[xmca] The Psychology of Art and the Social Mind

From: David Kellogg <vaughndogblack who-is-at yahoo.com>
Date: Fri Jun 08 2007 - 02:27:41 PDT

It's not really a matter of picking nits (though, as they say in Tibet, if you don't pick them, they will soon cover you). The suspense is killing: what IS the relationship between the blind sparrow and the unspoken word, on the one hand, and the "Yule Season" and the dead bees on the other?
  Anton made the point, re Belyayev, that textology is really just the archaeological spadework of disenterring your author. LSV apparently thought these lines were important enough to risk endangering the publication of his last words, so they MUST be something he wanted us to read and understand.
  But what WAS he trying to tell us? Mike makes the point that words like "Hellenism" have long historical threads braided together: the Orthodox Church vs. the Catholic one, the Greek alphabet vs. the Roman one, and pagan world vs. the Christian one.
  Something else occurs to me. Valsiner and van der Veer, in their book on the "Social Mind", try to locate Vygotsky's roots in some fairly unlikely places, e.g. George Herbert Mead and Pierre Janet. But we've no evidence that LSV read Mead. He certainly read Janet, but so have I and I don't see the resemblance. Ditto Paulhan.
  We may be looking in the wrong place. I suppose it's quite natural for psychologists to look to older psychologists for precedents. So we get people who on the one hand make very much (over-much) of the fact that Piaget and LSV were once at the same conference (though apparently never actually in the same room), and on the other entirely ignore Chapter Two of Thinking and Speech!
  Suppose LSV's real precedents for his theory of the social mind lie well outside psychology? Suppose they lie in linguistics and literary criticism (which, like psychology and natural philosophy were not really separate fields back then)?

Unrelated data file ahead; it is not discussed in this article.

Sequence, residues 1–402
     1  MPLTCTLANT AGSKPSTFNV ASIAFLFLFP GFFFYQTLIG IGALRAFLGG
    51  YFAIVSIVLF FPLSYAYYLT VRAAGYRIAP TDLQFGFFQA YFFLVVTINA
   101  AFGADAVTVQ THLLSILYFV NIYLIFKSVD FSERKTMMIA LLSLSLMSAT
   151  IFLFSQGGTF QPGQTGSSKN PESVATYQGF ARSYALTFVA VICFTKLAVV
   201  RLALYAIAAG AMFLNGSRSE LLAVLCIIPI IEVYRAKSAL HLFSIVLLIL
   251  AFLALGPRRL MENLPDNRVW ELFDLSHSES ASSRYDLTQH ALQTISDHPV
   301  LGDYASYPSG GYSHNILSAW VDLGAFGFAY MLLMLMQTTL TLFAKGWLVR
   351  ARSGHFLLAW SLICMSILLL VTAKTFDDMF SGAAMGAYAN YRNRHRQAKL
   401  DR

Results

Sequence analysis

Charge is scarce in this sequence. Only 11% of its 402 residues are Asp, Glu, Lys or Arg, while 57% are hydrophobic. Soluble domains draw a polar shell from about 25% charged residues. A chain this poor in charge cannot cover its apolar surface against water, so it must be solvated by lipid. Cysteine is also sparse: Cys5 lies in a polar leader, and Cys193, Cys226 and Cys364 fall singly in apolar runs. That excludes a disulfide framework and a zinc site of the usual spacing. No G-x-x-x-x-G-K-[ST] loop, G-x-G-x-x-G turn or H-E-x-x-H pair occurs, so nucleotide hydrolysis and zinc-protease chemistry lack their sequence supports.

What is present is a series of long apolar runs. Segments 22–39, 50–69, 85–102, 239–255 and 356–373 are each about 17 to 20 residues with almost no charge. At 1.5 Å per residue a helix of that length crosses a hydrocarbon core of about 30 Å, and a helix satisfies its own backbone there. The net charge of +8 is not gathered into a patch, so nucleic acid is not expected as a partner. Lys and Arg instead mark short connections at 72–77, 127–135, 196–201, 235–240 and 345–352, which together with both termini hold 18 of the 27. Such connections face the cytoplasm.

The end of the 19th Century witnessed an extended renunciation of the Romantic Movement in literature and poetry (though not in painting or music, and I think it's not accidental that LSV largely avoids those fields). Linguists and literary critics all fled Romanticism in different directions.
  There were "traditionalists" like Eliot in England and Tolstoy in Russia. There were Hellenists like Nietzsche in Germany. The Russian formalists, and even the Saussurean structuralists can also be seen in this vein; their "abstract objectivism" was an attempt to put some ether between themselves and the "individualist subjectivism" of Romantic expressionism.
  All of these currents of literary criticism and linguistics had in common exactly what LSV lays out in Psychology of Art: the idea that there was a kind of social mind embodied in art that was independent of the individual artist. The psychology of a work of art is possible, for the same reason that social and cultural psychology are possible.
  True, Eliot located this external mind in "tradition", and Tolstoy in religion, Nietzsche in Hellenism, and the Russian formalists in technique, and Saussure in "la langue". LSV rejects all of these. What he accepts, however, is that just as artistic texts cannot be reduced to (social) contexts, they cannot be reduced to emanations of individual genius.
  No more can Vygotsky's conception of a social mind be reduced to his own genius, or even his encyclopedic readings in the psychology of his time. Marxism, yes; but why is LSV's so different from that of his "Marxist" peers? The textological search for the blind sparrow is not a wild goose chase, and the snow-covered hive is no white whale!
  David Kellogg
  Seoul National University of Education

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Received on Fri Jun 8 03:29 PDT 2007

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